To develop new products, companies can integrate Project Portfolio Management (PPM) into the Stage-Gate process. This approach works very well for big firms that operate in mature businesses where the portfolio of projects is pretty static.
Thanks to this approach, companies can review individual projects and make go/kill decisions on each one of them. To add PPM to the Stage-Gate process, gates have to be modified. In addition, resource allocation methods are added into the gates without reprioritizing the entire set of projects every month.
The Stage-Gate process
The Stage-Gate method developed by Dr. Robert G. Cooper is an approach that can be used to make the product development process more effective. It is an effective way to create new products starting from new ideas.
By using this approach, a project is executed through several stages. These stages are separated by “gates.” The gates represent the decision points where executives decide whether or not to proceed to the next stage. This model can be used when developing new products, but also when companies need to change processes or make improvements.
At each gate, a decision is made whether to continue the process or not. This decision is based on the information available at that moment and, in most cases, is made by senior managers or steering committees.
PPM and Stage-Gate
Adding PPM into the Stage-Gate process helps to sharpen gate decision-making on individual projects. Senior managers make go/kill decisions at gates by using all information available for each project. At gates, projects are reviewed, one project at a time. During these meetings, projects are prioritized, and resources are allocated. It is important to consider that this is a real-time decision process that is activated many times throughout the year.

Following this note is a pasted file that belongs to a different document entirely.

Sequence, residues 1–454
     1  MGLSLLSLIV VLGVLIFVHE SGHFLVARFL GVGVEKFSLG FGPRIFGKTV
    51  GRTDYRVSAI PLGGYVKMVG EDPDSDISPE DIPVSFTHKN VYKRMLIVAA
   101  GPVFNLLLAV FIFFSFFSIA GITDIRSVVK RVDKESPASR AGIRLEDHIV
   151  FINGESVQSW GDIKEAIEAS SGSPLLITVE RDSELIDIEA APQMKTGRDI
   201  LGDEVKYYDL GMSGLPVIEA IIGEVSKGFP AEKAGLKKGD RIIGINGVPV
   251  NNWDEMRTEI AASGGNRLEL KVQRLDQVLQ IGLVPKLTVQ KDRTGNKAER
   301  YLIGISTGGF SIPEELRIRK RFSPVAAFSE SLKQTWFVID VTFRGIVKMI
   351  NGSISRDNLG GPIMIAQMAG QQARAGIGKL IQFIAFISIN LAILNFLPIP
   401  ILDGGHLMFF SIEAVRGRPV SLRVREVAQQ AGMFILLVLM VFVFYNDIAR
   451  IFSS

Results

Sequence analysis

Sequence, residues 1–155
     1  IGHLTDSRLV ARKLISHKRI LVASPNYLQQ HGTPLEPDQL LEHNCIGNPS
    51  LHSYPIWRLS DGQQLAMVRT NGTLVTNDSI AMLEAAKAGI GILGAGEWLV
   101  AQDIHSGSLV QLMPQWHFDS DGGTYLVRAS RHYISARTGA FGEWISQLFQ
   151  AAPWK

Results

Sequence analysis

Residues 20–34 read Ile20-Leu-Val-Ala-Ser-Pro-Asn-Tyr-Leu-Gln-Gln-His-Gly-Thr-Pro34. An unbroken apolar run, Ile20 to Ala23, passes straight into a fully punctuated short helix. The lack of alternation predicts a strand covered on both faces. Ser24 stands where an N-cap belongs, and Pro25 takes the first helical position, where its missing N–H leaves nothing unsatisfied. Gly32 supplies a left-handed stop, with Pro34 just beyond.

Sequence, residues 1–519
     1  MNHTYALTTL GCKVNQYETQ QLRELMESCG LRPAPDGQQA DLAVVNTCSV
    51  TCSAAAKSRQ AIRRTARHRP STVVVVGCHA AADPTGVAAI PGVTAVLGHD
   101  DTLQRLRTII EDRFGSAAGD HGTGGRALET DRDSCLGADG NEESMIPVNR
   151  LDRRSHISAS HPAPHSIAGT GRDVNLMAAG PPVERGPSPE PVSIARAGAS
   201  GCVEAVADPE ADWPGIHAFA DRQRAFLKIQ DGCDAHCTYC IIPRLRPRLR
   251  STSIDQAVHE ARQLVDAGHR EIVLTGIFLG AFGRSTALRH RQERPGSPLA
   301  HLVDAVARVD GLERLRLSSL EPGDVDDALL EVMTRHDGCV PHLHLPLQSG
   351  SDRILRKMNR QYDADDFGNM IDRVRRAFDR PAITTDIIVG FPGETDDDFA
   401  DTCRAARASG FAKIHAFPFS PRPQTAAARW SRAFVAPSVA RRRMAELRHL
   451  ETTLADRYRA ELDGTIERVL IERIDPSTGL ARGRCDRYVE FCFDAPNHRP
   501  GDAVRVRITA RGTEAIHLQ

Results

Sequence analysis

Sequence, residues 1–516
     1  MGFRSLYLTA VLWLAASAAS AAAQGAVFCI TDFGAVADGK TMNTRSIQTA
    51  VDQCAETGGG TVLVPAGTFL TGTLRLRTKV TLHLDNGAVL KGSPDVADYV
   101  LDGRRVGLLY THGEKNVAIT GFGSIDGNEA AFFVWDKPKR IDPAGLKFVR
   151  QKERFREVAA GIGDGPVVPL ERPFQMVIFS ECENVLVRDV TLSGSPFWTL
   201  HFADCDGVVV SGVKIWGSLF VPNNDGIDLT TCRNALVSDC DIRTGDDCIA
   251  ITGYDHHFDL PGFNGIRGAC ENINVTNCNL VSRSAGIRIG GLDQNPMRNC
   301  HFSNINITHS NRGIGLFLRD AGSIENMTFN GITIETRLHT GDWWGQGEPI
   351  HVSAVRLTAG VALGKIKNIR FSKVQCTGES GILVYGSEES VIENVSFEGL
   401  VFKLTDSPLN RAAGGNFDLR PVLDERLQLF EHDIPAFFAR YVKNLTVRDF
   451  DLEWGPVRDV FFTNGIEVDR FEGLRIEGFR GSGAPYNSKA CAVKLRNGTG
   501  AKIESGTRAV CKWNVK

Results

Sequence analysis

This approach is usually used by companies that already have a Stage-Gate process in place. Then, these companies add PPM to their gating process in order to support decision making. This method works particularly well in big companies and where projects are complex and have a long duration.
How the Stage-Gate process changes
When PPM is added to the Stage-Gate process, at gates, senior managers have to make two decisions.
- The first decision to make is a go/kill decision, where individual projects are evaluated using different methods such as financial evaluations (NPV, ECV, etc.), checklist and scoring model tools.
- The second decision to make is a go/hold decision, where a go means allocating resources to the project. This is also the moment to create a rank-ordered list of projects that helps compare the relative attractiveness of the project under evaluation to the other “active” and “on hold” projects.
So, go/kill, active/on hold, prioritization, and resource allocation decisions are made in real-time, during the gate meeting. It is useful to underline that during these meetings, only the project under analysis is given a relative priority level against the others.
To make the decisions we have discussed above, senior managers need to evaluate the impact of the project under analysis on the balance of projects, and if the project is aligned to the project portfolio strategy.
keep in mind
Companies can use the Stage-Gate process and PPM to develop new products. Gates are decision points. During gate meetings, go/kill and on/hold decisions are made on projects – one at a time. During these meetings, senior management evaluates and scores each project before moving on to the next stage. As a result of each evaluation, bad projects are identified and taken out, whereas good projects are recognized and prioritized properly. It is important to underline that resource decisions (people, equipment, and money) are also made during these gate meetings.
Francesco Pecoraro, PMP, PSM, PSPO, SSYB, SSGB, SSBB, CL, CC is the founder of francescopecoraro.com where he shares useful and practical information about project management, program management, project portfolio management, and agile methodology. Francesco has extensive experience as a project, program and portfolio manager, project management officer (PMO), digital transformation and strategic consultant. He is also considered a communication, public speaking, and leadership expert. Francesco writes about project methodologies, program, and portfolio management.